For decades, Somalia has been using a clan-power sharing model known as “4.5”. Some believe the model has an external origin (Sodere, 1997) and was institutionalized in the Arta (2000) peace process, in Djibouti. In reality, the initial shape of this model was locally devised in January 1991.
What is the 4.5 model? Essentially, the model allocates each of the 4 “major” clan groups an equal share in parliament and half a share to “minority” groups. Whilst Somalia’s provisional constitution does not mention the 4.5 model, ministerial posts and offices of states are often distributed based on this clan formula.
For many Somalis, this simplistic division of political power system blocks meaningful inclusivity and participation. Indeed, many perceive that the system has solidified clan identity in politics.
As such, the 4.5 model was initially perceived as a temporary solution to kickstart Somalia’s state-building processes. The phrase “Xaq ma aha ee waa xal” – “It’s not a [fair] system but a [temporary] measure” was used to denote its provisional status.
In early January 1991, a group of politicians affiliated with the Somali government – Gudigii Sulux – met with rebel factions’ representatives in Villa Baydhabo. Key members of the Gudigii Sulux included, amongst others, Prof. Osman Jawari and Hawadle Madar.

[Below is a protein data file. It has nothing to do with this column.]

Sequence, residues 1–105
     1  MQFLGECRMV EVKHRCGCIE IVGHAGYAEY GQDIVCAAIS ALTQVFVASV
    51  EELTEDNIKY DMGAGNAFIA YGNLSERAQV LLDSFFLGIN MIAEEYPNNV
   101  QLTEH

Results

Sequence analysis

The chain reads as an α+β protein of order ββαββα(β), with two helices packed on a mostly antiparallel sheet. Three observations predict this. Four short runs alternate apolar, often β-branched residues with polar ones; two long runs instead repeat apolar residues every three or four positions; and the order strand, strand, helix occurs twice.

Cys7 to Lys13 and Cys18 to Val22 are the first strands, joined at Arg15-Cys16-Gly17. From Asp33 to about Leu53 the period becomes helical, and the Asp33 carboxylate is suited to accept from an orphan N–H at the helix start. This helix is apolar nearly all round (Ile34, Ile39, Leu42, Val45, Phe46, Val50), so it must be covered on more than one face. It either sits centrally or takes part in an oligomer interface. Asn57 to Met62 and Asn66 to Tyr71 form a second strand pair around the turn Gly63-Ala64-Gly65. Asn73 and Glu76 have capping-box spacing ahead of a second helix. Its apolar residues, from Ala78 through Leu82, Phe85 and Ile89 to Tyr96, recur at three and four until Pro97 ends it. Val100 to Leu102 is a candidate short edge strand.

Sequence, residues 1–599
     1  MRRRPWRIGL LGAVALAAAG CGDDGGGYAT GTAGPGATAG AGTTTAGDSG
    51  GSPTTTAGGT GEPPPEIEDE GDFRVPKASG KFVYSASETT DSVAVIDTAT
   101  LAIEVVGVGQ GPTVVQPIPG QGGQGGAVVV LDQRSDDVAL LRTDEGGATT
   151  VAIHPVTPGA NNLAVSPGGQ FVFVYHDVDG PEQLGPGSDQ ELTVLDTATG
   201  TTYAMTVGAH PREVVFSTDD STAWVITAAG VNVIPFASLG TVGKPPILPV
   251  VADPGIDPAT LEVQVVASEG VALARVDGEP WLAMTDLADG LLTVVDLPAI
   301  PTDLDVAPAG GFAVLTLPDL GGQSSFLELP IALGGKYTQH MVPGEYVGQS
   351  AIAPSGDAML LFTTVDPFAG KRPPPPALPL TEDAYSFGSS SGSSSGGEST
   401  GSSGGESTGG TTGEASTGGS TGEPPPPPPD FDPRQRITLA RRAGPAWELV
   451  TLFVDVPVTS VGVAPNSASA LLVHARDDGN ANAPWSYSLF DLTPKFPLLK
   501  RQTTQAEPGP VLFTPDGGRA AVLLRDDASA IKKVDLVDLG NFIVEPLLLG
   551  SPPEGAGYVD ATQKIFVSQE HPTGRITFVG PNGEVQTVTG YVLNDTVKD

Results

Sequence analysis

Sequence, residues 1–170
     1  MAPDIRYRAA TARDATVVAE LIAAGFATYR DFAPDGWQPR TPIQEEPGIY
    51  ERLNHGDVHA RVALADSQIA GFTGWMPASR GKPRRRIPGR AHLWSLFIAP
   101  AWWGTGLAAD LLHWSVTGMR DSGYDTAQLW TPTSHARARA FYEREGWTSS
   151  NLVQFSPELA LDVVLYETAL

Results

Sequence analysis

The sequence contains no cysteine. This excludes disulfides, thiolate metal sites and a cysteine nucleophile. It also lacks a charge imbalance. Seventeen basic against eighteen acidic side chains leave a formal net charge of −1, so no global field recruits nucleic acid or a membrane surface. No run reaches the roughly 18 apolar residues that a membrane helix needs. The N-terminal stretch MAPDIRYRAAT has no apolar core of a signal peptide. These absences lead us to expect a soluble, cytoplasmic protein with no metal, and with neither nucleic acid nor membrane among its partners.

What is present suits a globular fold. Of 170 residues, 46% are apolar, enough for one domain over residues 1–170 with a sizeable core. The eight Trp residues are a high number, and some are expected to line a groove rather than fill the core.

As a result, both sides agreed to form a new parliament based on a 4.0 clan power-sharing model. This includes 15 MPs from each “major clan” – Hawiye, Darod, Rahanweyn and Dir – and 4 co-chairmen from each clan. Interim president was going to be Kulmiye Afrah and the then Prime Minister, Omar Arte Ghalib.
Professor Jawari, one of the group’s last survivors, goes into detail in an insightful interview given to Dalsan TV in 2020. In it, he recounts how, pressed by chaos in Mogadishu, they laid the foundations for a clan setup acceptable to all parties in conflict.
The model was expanded in 1997 when faction leaders convened in Sodere, Ethiopia and agreed to create a 41-member National Salvation Council comprising 9 members from each of major clan families and 5 seats for smaller groups. The 4.0 became 4.5. It failed however for other reasons.
The model was reintroduced at 2000 Arta (Djibouti) Conference which led to the formation of Transitional National Government (TNG). Following intense negotiations, the 4.5 model was used to divide new TNG parliament of 245 deputies. It didn’t last again for other reasons.
The model was once again adopted in the 2004 Mbagathi (Kenya) talks where faction leaders came together to establish a 275-seat parliament and a new transitional government.
To avoid similar key obstacles that plagued previous peace conferences, the IGAD Facilitation Committee proposed that faction leaders agree on the same 4.5 formula of TNG. Each of the four “major” clans would have 61 delegates and “minority” clans collectively 31.
To transition to a permanent government in 2012, Somali leaders agreed in 2011 that the new permanent government is forbidden from “implement[ing] any policy that takes into account or attempts to reinstate the 4.5 formula”, 11 years later, the model is still being utilized.
This article was first posted as a Twitter thread and we are republishing it here with the author’s permission. Dr. Mohammed Ibrahim Shire is a Somali scholar based in England. You can follow his work on his blog mohammed-shire.com.